The flight engineer, age 63, held a Colombian flight engineer certificate. In addition he held a Colombian first class medical certificate, dated December 15, 2006. His last recurrent training had been performed in September 2006.


According to information obtained from the FAA, the incident DC-8-61 was manufactured by McDonnell Douglas on June 21, 1968, as serial number 45976, fuselage number 372, and it began operation for United Airlines. The aircraft operated with Pratt and Whitney JT3D-3B engines as passenger carrying airplane. The aircraft was re-engined to CFM International CFM56-2C1 engines on September 17, 1982 and continued to be operated by United as DC-8-71, in passenger service.

The airplane was converted to a cargo carrying DC-8-71F in August of 1991, and began operation for TAMPA Cargo in February 2003, as registration HK-4277 (Colombian). The airplane had 95347 hours and 33849 cycles in service as of October 31, 2006.


Both the cockpit voice recorder (CVR) and digital flight data recorder (DFDR) were secured immediately after the incident in accordance with Tampa Cargo's procedures, and promptly sent to the NTSB's Recorder Laboratory, Washington DC, for readout.

The DFDR was examined in the recorder laboratory and all pertinent parameters were noted to be consistent with those of a normal landing having been performed. The data showed that the airplane touched down on a heading of about 087 degrees, at about 144 knots, and registered a peak vertical acceleration at touchdown of 1.837g. At the point where the landing gear collapsed, the event was indicated by a roll angle that progressed to about 5 degrees right wing down, shortly after touchdown.

The CVR was auditioned at the NTSB's Audio Laboratory. All conversations were in Spanish, and after translation, the conversations proved to be unremarkable and were consistent with a normal landing having occurred.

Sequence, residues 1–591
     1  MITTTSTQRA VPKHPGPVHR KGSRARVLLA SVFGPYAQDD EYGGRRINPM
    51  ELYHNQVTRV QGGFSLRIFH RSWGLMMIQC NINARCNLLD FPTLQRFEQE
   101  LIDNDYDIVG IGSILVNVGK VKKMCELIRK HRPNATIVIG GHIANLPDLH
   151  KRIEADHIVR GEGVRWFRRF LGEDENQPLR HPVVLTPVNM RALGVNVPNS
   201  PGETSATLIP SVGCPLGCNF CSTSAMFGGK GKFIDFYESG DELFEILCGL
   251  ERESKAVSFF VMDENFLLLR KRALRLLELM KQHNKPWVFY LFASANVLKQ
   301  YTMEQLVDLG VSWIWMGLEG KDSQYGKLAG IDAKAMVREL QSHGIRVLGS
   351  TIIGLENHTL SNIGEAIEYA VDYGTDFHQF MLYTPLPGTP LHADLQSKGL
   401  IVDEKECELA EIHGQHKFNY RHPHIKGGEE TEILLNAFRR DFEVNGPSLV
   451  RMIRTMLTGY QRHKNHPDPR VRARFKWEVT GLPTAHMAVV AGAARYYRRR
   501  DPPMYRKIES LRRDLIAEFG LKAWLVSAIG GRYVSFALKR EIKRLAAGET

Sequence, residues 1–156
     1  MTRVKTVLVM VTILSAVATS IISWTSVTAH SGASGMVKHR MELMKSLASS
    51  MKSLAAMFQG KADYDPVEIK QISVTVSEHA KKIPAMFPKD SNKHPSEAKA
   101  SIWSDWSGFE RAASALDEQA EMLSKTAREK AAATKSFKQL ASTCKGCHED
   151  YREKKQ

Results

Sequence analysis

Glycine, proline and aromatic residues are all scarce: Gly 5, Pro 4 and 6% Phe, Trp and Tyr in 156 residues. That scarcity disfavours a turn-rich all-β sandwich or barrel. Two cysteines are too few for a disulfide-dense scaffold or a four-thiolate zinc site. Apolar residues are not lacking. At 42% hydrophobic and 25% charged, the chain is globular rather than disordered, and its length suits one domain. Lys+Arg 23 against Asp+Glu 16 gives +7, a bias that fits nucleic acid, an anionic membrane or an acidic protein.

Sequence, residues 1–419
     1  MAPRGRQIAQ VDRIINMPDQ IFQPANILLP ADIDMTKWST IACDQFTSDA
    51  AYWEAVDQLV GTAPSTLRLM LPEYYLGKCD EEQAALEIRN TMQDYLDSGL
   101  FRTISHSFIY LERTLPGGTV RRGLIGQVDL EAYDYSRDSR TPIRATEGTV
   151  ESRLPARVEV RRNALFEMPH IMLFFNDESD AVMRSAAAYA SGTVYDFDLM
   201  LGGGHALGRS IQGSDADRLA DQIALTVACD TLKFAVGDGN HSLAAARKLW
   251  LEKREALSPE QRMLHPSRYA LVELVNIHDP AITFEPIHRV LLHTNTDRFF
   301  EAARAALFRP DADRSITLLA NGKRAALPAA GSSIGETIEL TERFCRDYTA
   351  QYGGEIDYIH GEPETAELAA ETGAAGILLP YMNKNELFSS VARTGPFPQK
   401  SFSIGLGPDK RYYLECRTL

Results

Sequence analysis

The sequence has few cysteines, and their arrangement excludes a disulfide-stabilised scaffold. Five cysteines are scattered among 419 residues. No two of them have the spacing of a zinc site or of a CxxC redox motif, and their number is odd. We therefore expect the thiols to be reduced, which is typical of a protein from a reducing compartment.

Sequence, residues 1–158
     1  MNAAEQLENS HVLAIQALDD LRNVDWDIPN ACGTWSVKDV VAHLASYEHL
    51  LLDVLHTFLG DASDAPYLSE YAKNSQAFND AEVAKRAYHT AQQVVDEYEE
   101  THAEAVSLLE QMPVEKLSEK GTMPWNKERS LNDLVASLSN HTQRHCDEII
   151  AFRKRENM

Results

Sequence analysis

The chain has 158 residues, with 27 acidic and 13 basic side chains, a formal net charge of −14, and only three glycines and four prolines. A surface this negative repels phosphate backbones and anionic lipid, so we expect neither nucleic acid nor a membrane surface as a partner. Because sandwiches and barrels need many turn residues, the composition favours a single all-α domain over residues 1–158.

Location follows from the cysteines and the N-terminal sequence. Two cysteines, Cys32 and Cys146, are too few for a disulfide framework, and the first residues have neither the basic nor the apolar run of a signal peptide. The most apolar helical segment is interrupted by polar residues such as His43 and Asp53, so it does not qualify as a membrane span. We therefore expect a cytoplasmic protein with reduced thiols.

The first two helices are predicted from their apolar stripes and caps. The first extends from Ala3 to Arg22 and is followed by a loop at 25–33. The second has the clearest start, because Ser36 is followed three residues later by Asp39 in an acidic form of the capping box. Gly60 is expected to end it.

After initial examination by the NTSB the airplane was removed from runway 09R to a maintenance facility for further examination.

Disassembly of components of the right main landing gear torque tube showed that the outboard torque tube attach bolt had backed out from the piston prior to the incident. The torque tube is attached to the piston by an attach bolt, which is threaded and has a hole drilled in the end. The attach bolt is threaded into the piston and then is then torqued to 475 ft-lbs. The next step is to install the lockbolt, which retains the attach bolt in place. According to the Manager of Quality Assurance (QA) at Tampa Cargo, the attach bolt was not properly torqued and the lockbolt was installed, but not through hole in the end of the attach bolt. As a result, after 11cycles, the attach bolt backed out of the threaded area of the piston and the right main landing gear collapsed.

In addition, the QA Manager at Tampa Cargo told the FAA that during installation of the right main landing gear a maintenance personnel shift change had occurred, and the new shift was not informed by the outgoing shift what work still needed to be accomplished, which resulted in the right main landing gear being reassembled incorrectly.

Damaged landing gear parts were collected and sent to the NTSB's Metallurgical Laboratory, Washington DC, where they were examined optically. The examination revealed that the damage parts exhibited signatures consistent with that of overstress separations. No preexisting cracking or corrosion was noted during the optics examination.